- The cervix is the bottom part of your uterus just above your vagina. It dilates (or opens) during labour to allow your baby to pass down on its way out of the uterus. The cervix is a bit like a gate that opens to allow the passage of the baby down and out through your vagina.
- Creating pressure or disturbing the cervix can encourage the release of prostaglandins (hormones)
- Oxytocin is the main hormone responsible for labour.
There are many natural ways that women have found helpful to encourage labour:
Method 1: Stimulating your bowel – foods that can work
Keep your bowel regular, as an empty bowel creates more space for the baby’s head to get low down in the pelvis and create pressure on your cervix. Constipation or being backed up takes up vital space for baby to manoeuvre into a good position for labour to start. A slightly irritable bowel, will often create the same effect in it’s very close neighbour – the uterus. This irritability can in turn become contractions.
So if you are not already doing so, eat a diet that will create very regular (even slightly loose stools) in the last couple weeks of pregnancy – hence the tales about eating curry. Pineapple contains the enzyme bromelain, which is thought to help soften your cervix and bring on labour. However, eating large amounts will probably stimulate your bowel, which could also help to get things going. In other words, anything that “gets YOU going” will do.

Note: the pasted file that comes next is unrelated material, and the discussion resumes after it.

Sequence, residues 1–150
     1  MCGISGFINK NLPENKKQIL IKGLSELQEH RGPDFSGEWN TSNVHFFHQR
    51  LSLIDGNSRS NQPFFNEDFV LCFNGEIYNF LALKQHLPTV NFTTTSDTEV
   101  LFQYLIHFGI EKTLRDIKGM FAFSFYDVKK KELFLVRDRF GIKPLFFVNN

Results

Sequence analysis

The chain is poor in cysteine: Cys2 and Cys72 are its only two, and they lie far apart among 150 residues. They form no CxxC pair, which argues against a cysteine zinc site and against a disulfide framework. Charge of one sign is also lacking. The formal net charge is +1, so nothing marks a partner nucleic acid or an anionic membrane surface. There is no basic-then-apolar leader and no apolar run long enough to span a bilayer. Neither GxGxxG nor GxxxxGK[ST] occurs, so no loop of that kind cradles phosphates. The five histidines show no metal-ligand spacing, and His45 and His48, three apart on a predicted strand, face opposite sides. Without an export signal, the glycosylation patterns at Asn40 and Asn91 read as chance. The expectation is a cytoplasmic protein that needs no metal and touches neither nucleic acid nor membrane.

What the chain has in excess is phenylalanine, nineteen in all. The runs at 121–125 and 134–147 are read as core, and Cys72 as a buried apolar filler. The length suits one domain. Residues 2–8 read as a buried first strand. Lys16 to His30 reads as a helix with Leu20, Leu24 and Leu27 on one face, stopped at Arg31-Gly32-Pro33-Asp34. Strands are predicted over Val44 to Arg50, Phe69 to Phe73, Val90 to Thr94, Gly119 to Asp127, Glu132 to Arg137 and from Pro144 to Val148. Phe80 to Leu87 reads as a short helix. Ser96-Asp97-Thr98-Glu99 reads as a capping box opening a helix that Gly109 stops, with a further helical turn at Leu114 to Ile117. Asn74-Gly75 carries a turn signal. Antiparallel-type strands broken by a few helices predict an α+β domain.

Method 2: Getting your baby into position (optimal fetal positioning for labour)
At about 38 weeks of pregnancy ask your midwife to check if baby’s back is in a good position for baby to nestle down into your pelvis with its head in the optimum position to create a snug fit and therefore pressure on your cervix.
A good position is anterior with baby’s back to the front or side of your uterus. Your midwife can easily assess this using her hands to feel your uterus. Exercises you can do include getting down onto all fours for short periods each day or swimming breast stroke, thereby encouraging baby’s back to the front of your uterus.
Remember you only want your baby to descend deeply into your pelvis once its in this anterior position, so in the last few weeks of pregnancy do not kick open your legs (whilst swimming) or do any deep squatting until you know baby is in place and ready.
Once in place by all means do exercises that open up the pelvis and encourage baby to nestle snugly in place for labour.
Method 3: Walking
Walking can have the same effect, as it encourages the baby’s head down onto your cervix whilst you are upright and mobile and this could stimulate the release of oxytocin.
Method 4: Complimentary therapies
Acupuncture and reflexology are both therapies that can work by stimulating the release of hormones that initiate labour, as well as inducing a combination of deep relaxation and well-being that creates the ideal energy for labour to take place
Method 5: Nipple stimulation
By gently rubbing, rolling or having your partner suck your nipples you are mimicking a baby suckling. When a baby sucks your breast, oxytocin is released, which also happens to be a hormone that initiates labour.
Method 6: Sex
Having sex is not for everyone in the latter stages of pregnancy, but it could trigger the release of oxytocin. Having an orgasm stimulates your cervix and so could also stimulate your uterus to start contracting. You don’t have to involve your partner to achieve an orgasm!
Important to note… .
Although some mums swear by use of homeopathic remedies to bring on labour they aren’t recommended by health professionals as they all carry potential risks for you and your baby. If you feel they are of benefit to you always discuss their use with your midwife of GP before trying them.